Source: Swan. M. 2005. Practical English Usage Oxford, United Kingdom: Oxford University Press (2011).
Practical English Usage lists over a hundred common mistakes in the English language. Even advanced students of English make mistakes. Swan (2005) has listed a number of them.
“I’ll ask you in case I need help.” = I’ll ask you if I need help.
(271.3) In case and if are normally used in quite different ways. ‘Do A in case B happens’ means ‘Do A (first) because B might happen later’. ‘Do A if B happens’ means ‘Do A if B has already happened’.
“I object to tell them my age.” = I object to telling them my age.
(298.2) To is actually two different words. It can be an infinitive marker, used to show that the next word is an infinitive (e.g. to swim, to laugh). It can also be a preposition, followed for example by a noun (e.g. She’s gone to the park, I look forward to Christmas). (298.1) When we put a verb after preposition, we normally use an -ing form (‘gerund’), not an infinitive.
“I like the 60s music.” = I like the music of the 60s. / … 60s music.
(69.3) Some expressions are ‘half-general’- in the middle between general and particular.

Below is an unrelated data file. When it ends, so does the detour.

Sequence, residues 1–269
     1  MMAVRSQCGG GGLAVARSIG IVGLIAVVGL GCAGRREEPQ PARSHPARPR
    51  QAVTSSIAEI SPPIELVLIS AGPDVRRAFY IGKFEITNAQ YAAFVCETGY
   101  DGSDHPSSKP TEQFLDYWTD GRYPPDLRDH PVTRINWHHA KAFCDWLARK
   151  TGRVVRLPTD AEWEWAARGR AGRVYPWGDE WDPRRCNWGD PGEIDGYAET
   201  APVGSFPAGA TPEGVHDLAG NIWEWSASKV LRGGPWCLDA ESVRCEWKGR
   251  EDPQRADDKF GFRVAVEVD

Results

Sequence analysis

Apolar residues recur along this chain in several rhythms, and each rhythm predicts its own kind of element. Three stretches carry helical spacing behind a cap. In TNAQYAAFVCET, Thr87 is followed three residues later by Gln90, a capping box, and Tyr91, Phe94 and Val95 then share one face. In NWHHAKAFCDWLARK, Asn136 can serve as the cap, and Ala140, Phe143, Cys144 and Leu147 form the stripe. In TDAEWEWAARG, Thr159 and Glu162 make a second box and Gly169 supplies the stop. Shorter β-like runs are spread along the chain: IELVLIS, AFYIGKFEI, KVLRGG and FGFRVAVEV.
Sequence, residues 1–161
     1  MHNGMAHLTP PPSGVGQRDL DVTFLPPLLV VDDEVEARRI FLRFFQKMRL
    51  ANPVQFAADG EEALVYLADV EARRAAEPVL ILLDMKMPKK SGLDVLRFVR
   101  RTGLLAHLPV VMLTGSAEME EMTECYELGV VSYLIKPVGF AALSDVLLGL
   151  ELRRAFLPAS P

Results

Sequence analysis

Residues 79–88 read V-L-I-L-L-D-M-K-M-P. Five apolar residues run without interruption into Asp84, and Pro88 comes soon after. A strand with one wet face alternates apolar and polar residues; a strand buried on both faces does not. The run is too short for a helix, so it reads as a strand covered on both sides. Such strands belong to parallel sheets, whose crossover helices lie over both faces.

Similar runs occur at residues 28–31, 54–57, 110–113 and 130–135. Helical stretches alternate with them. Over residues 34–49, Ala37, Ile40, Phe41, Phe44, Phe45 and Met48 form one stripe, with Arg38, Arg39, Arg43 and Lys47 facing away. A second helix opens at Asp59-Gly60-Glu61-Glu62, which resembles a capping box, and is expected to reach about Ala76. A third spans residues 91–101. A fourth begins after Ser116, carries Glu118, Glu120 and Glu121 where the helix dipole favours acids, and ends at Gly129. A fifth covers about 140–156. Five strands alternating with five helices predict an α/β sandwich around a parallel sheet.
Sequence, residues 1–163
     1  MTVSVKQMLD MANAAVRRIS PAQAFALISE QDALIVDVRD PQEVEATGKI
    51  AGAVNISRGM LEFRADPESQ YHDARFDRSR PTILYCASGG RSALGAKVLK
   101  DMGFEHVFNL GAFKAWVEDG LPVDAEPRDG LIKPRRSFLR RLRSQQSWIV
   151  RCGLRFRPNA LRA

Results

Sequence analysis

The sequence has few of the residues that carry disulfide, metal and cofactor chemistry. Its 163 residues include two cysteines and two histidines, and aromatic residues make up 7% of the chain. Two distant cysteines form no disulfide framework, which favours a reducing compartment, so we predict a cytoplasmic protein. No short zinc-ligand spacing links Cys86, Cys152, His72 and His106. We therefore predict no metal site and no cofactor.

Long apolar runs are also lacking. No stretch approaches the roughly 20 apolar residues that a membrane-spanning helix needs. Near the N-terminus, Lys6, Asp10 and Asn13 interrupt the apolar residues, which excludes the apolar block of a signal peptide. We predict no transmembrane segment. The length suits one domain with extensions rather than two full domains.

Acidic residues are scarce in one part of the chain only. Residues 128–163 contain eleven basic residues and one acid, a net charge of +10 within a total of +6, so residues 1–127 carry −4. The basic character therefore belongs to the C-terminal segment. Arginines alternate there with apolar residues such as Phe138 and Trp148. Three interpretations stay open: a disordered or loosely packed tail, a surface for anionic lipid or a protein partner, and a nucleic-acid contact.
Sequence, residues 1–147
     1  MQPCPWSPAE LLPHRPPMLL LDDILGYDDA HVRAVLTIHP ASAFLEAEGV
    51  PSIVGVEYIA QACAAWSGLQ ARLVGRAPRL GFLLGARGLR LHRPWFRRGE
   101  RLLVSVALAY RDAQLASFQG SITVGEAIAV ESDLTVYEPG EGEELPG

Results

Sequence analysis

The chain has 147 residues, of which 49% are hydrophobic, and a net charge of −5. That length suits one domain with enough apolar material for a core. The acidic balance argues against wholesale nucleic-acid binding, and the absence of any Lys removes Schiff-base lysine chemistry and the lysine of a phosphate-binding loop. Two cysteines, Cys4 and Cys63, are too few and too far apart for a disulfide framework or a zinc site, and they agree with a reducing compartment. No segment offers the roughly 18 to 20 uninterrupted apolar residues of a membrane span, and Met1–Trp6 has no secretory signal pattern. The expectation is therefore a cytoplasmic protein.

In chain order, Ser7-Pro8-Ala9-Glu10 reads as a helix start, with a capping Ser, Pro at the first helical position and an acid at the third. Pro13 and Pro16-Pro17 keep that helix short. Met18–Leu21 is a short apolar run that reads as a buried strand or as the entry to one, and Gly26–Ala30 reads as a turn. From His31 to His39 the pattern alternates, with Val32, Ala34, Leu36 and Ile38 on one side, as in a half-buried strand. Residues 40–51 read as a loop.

“ten thousand, a hundred and six.” = ten thousand, one hundred and six.
(389.11) We can say an eighth or one eighth, a hundred or one hundred, a thousand or one thousand, a million or one million, etc. One is more formal. A can only be used at the beginning of a number.
“‘Who’s that?’ – ‘He’s John.'” = ‘Who’s that?’ – ‘It’s John.’
(428.9) We use it for a person when we are identifying him or her.
“I don’t like to be shouted.” = I don’t like to be shouted at.
(416.1/80.3) The objects of prepositional verbs can become subjects in passive structures. We have looked at the plan carefully. – The plan has been carefully looked at. Note the word order. The preposition cannot be dropped.
“It’s ages since she’s arrived.” = It’s ages since she arrived.
(522.2) In British English, present and past tenses are common in the structure It is / was … since …
“The police is looking for him.” = The police are looking for him.
(524.7) Cattle is a plural word used to talk collectively about bulls, cows and calves; it has no singular, and cannot be used for counting individual animals. Police, staff and crew are generally used in the same way.
See other: Notes On English Grammar